JOSEPH DELANEY (1904 - 1991) Artist's Studio Party.
Oil on linen canvas, 1940. 971x1216 mm; 38 1/4x47 7/8 inches. Signed in oil, lower right.
Provenance: the estate of the artist; Harvey D. Peyton, Charleston, WV; private collection, Illinois.
Exhibited: Invisible Americans, Black Artists of the '30s, the Studio Museum in Harlem, New York, 1968; Joseph Delaney: Retrospective Exhibition, Ewing Gallery of Art and Artchitecture, University of Tennessee, Knoxville, TN, June 6 - July 20, 1986, with the label on the frame back; Life in the City: The Art of Joseph Delaney, Ewing Gallery of Art and Artchitecture, University of Tennessee, Knoxville, TN, September 10 - October 31, 2004; Higher Ground, Knoxville Museum of Art, Knoxville, TN, loan to permanent exhibition, 2019.
Illustrated: Sam Yates, Joseph Delaney: Retrospective Exhibition, p. 12; Federick C. Moffatt and Sam Yates, Life in the City: The Art of Joseph Delaney, p. 53.
Artist's Studio Party is the largest and most significant painting by Joseph Delaney to come to auction. This important painting is part of his expressive body of work recording the lives of New Yorkers. Joseph Delaney gives the viewer a fascinating view of the downtown artist's scene - painting in thin layers with a dark, somber palette.
Joseph Delaney became a long time resident of the West Village shortly after moving to New York to join his brother Beauford in 1930. Frederick Moffatt describes how Delaney lived in various garrets and lofts within a small area of the Village and Soho between 1931 and 1959. In 1940, Delaney lived on Sullivan Street, near West Third Street. Sam Yates wrote this painting was inspired by a party he gave friends earlier at 26 Bond Street.
In 1930, Joseph Delaney first studied at the Art Students League where he studied figure drawing with George Bridgman and human anatomy with Thomas Hart Benton. From 1934 to 1940, Delaney worked on various WPA projects in New York including the Index of Design for the Metropolitan Museum of Art, the Pier 72 mural, and with Norman Lewis on the Story of the Recorded Word mural at the New York Public Library. In 1942, Delaney eventually join the easel division just before the WPA was disbanded, and was also awarded a Julius Rosenwald travel fellowship of $1,200, which he used to work and travel down the Eastern coast, from Maine to South Carolina.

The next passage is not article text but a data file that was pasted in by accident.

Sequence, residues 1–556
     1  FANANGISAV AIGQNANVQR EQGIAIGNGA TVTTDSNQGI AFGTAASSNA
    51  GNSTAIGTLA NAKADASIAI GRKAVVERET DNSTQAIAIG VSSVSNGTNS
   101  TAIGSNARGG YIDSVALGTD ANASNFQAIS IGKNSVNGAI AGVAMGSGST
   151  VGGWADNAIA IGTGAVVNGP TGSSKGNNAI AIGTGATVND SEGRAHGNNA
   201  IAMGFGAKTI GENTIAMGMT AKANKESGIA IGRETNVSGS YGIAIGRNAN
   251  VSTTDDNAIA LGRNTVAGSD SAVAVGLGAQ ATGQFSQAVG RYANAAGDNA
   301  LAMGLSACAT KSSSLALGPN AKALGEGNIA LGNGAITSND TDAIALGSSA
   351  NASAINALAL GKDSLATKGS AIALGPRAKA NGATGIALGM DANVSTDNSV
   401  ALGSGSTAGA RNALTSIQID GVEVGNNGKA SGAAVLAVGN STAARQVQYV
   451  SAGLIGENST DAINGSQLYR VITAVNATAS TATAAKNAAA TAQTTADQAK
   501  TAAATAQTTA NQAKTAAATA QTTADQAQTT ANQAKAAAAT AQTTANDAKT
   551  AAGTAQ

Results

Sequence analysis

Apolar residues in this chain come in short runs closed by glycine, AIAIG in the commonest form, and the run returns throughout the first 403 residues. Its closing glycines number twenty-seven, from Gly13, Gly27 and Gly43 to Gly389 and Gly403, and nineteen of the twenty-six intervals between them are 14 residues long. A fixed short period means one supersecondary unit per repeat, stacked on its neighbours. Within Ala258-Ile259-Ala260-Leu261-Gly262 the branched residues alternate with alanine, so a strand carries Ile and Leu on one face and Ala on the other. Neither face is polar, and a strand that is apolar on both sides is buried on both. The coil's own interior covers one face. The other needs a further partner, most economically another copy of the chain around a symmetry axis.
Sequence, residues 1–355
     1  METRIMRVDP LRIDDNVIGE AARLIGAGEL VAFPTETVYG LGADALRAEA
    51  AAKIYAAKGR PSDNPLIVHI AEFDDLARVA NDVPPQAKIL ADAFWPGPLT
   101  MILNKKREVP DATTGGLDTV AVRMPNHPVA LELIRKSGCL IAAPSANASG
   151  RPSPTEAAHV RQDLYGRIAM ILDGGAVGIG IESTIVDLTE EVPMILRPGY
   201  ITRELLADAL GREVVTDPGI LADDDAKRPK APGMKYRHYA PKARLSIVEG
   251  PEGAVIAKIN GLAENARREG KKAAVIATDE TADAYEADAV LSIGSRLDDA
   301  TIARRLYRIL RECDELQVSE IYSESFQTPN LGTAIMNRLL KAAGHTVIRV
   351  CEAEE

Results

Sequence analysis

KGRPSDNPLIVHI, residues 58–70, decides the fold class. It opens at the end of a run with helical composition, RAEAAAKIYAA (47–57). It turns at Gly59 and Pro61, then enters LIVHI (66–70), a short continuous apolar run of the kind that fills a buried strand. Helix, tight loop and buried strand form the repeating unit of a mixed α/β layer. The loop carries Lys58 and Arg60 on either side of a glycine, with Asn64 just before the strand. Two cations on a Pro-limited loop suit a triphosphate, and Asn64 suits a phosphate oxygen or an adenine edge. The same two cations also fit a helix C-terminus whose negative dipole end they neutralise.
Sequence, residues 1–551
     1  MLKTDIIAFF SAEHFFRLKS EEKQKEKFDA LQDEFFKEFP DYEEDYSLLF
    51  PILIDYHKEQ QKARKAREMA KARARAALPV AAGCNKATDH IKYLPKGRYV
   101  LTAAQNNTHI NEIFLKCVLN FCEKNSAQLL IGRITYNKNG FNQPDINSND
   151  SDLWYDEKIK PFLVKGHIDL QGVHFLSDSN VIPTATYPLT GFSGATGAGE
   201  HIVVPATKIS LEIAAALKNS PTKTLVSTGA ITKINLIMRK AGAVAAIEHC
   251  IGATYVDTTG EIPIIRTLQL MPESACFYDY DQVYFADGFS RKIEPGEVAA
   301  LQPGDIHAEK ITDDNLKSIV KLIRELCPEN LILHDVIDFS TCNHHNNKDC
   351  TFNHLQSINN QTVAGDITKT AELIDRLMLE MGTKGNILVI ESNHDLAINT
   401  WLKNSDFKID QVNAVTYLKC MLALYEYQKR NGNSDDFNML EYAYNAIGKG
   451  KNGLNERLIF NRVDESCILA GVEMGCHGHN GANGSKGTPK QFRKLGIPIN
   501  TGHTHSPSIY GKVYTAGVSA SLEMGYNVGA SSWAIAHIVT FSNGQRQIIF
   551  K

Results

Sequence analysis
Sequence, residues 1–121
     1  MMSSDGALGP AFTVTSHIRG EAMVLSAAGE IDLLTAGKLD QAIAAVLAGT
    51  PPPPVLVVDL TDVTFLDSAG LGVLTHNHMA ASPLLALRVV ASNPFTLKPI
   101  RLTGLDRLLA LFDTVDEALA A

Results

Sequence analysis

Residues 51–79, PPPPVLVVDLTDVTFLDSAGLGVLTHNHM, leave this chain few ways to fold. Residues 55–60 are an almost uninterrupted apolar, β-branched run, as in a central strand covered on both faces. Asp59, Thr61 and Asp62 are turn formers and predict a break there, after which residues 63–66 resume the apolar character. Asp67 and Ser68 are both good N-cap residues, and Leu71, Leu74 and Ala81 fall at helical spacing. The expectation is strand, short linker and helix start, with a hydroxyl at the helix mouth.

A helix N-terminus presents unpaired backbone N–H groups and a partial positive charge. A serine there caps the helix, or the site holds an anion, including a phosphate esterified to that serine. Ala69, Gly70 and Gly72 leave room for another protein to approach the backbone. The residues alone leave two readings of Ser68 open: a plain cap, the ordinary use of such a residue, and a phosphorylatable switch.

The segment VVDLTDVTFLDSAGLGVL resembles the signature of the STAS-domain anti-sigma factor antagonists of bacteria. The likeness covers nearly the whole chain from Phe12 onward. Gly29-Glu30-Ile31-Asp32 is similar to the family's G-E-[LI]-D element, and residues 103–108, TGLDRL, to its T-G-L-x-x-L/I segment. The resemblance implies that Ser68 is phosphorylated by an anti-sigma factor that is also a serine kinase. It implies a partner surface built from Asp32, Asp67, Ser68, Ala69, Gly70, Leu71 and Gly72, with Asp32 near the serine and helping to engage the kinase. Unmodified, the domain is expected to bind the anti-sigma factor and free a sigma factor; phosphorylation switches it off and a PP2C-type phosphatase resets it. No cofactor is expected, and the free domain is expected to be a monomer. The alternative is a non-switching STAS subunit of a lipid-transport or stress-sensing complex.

Artist's Studio Party inclusion in the Studio Museum in Harlem exhibition Invisible Americans helped cement Joseph Delany's reputation as an important figure of the 1930s. In his Artforum review of February of 1969, Robert Pincus-Whitten hailed Joseph Delaney; "a single artist of tremendous merit was revealed to me in terms of a developed, tough, and by moments self-mocking Expressionism". Pincus-Whitten describes Village Studio Party as a "scene of group camaraderie an image of what must have seemed then to be the daring option of depicting a white girl dancing with a black man." In another studio painting, Artist's Party, circa 1942, Delaney includes himself seated at a poker game in an artist's apartment alongside a figure he later identified as Jackson Pollock. Both paintings are described in Frederick C. Moffatt's biography Life and Times of Joseph Delaney, 1904 - 1991 and are recognized for taking the viewer into the "sanctified" space of the artist's studio. Moffatt p. 167; Moffat/Yates p. 53; Pincus-Whitten p. 66; Yates p. 12.